OPINION: Reap what you sow!


by Ali G. Macabalang

THERE is a proverbial saying that “what you sow is what you reap.

According to data I have gathered, this adage holds true in the confusing political climate besetting Maguindanao del Norte and Maguindanao del Sur, both local government units born out of R.A. 11550 of 2021.

The problem, characterized by conflicting legal interpretations between the camp of then one Maguindanao Governor Mariam Sangki-Mangudadatu and quarters led by officials of the Bangsamoro autonomous government, could have not surfaced if the original date of plebiscite set in R. A. 11550 was followed.

The creation of Maguindanao del Sur and Maguindanao del Norte was initiated in the House of Representatives in 2019 by then Maguindanao 2nd District Rep. Esmael “Toto” Mangudadatu and 1st District Rep. Ronnie Sinsuat Sr. The House approved the enabling bill on Feb. 27, 2020.

Senator Francis Tolentino co-sponsored the House Bill into the Senate, with the strong support of Senator Miguel Zubiri. The bill was amended by the Senate on March 9, 2021. The amendments were concurred in by the House on March 22, 2021.

Then President Rodrigo Duterte signed into law the bill on May 27, 2021. The Maguindanao provincial government later stated it had set aside P120-million for the conduct of a plebiscite to ratify the law. The edict mandated that the Commission on Election to schedule the plebiscite around August 2021.

But the COMELEC through a minute resolution postponed the conduct of the plebiscite until after the 2022 general election, citing among other reasons the need for focal preparation in the election of national and local officials. The postponement was allegedly instigated by the camp of Gov. Sangki-Mangudadatu.

Reliable sources claimed that Rep. Toto Mangudadatu, who was bidding to return to the gubernatorial post he held for three terms from 2010 to 2019, would find a slim chance against reelection-seeking Mariam in an election across the 36-town undivided Maguindanao. The camp of the lady governor, who defeated the former lawmaker in the May 9, 2022 gubernatorial race, had not commented on the allegation.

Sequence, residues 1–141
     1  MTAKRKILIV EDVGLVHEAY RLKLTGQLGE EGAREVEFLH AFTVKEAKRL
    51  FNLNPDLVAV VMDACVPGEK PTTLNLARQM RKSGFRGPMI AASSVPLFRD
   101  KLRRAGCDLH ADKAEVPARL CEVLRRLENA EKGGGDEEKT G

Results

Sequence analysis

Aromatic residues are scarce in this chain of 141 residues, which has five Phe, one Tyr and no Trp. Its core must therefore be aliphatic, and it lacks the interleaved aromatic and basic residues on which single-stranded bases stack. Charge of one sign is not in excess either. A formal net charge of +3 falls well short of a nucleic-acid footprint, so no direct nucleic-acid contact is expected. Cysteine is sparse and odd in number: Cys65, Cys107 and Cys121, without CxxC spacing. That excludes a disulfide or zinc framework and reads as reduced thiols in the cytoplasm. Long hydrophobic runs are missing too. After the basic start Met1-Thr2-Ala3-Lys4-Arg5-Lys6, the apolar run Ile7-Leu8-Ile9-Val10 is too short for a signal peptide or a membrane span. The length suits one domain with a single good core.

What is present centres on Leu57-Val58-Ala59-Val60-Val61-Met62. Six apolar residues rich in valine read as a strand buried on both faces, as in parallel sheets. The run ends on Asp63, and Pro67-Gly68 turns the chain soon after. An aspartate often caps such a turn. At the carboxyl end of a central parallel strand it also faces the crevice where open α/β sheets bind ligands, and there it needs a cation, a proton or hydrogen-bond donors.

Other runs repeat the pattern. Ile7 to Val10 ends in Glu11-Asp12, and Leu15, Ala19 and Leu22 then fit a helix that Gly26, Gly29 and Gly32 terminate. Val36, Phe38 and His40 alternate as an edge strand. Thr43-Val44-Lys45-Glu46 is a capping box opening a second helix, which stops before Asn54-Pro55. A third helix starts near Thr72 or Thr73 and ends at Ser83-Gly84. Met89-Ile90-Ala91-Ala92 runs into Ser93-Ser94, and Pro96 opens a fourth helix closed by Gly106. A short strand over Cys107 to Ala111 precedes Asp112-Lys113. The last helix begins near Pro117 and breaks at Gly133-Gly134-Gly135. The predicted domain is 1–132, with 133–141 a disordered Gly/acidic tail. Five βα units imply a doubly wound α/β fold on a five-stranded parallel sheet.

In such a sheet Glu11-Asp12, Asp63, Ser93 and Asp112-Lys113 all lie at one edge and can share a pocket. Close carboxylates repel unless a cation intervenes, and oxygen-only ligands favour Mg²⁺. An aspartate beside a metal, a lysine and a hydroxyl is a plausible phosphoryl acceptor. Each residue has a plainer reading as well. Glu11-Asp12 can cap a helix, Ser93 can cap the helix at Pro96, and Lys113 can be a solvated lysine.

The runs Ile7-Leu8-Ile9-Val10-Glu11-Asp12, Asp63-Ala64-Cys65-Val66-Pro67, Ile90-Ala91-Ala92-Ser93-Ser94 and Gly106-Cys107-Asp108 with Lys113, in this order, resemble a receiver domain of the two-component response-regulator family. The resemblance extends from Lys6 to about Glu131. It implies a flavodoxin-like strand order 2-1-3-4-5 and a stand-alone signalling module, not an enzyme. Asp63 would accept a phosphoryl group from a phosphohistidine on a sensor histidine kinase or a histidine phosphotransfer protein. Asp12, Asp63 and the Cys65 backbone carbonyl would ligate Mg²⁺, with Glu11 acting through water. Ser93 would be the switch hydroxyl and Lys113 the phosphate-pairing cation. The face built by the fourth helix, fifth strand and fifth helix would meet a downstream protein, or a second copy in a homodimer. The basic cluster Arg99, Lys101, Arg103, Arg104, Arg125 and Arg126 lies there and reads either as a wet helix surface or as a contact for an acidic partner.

On June 22, 2022, the COMELEC en banc approved the date for the plebiscite on September 17, 2022, to ratify the law dividing the province into Maguindanao del Norte (with 12 component towns) and Maguindanao del Sur (with 24 towns).

The law was overwhelmingly ratified by more than 95 percent of the huge number of voters that turned out and voted during the plebiscite day.

The heavy voters’ turnout and overwhelming ratification of the law were attributed to the lack of an opposition against the provincial split, with both the contending quarters of the “Family Alliance” led by Gov. Sangki-Mangudadatu and the United Bangsamoro Justice Party of the Moro Islamic Liberation Front campaigning for affirmative votes.

Even the Roman Catholic Archdiocese of Cotabato led by Prelate Angelito Lampon encouraged mass turnout, sans any preference for or against the provincial split. But he had reportedly stated that what would happen next, if the new provincial officials will be elected or appointed, “is more dangerous”.

After the plebiscite, COMELEC Chairman George Garcia reportedly said that the poll body would not participate in determining who would be the new officials, saying that under the Local Government Code, the Department of the Interior and Local Government (DILG) would be the one deciding.

In October 2022, Mariam Sangki-Mangudadatu and Ainee Limbona-Sinsuat, citing their May 9 electoral mandates as governor and vice governor, assumed offices as governors of Maguindanao del Sur and Maguindanao del Norte, respectively.

But the Bangsamoro autonomous regional government has refused to recognize the officials, taking note the “legal controversy” arising from postponement of the plebiscite.

Last April 5, President Bongbong Marcos appointed Abdulraof Macacua, outgoing Bangsamoro regional minister, and Sangki-Mangudadatu as OIC-governors for the northern and southern provinces, respectively.

On April 9, Sangki-Mangudadatu went on an online broadcast, airing her statement to interpose “strong” objection to the Presidential appointments, and appeal to the Chief Executive to reconsider his decision.

On the other hand, Macacua opted to give up promptly his post as regional senior minister and eventually his own membership in the interim regional parliament in order to focus on Maguindanao del Norte.

Pledging to make Maguindanao del Norte the “best” province in the regional autonomous region, Macacua urged dissenting quarters to bring their complaint to the Supreme Court. He vowed to step down if the court and proper authorities would nullify his designation.

The “legal controversy” as of press time continued to snowball in the traditional and social media. I believe the trend was becoming a setback in any efforts meant to bring the two new provinces to greater heights.

It is just ironical that the political quarter that purportedly instigated the deferment of the original date of plebiscite is now squawking against the outcome of what it sowed. (Comments can be sent to alimac.bulletin@gmail.com.)


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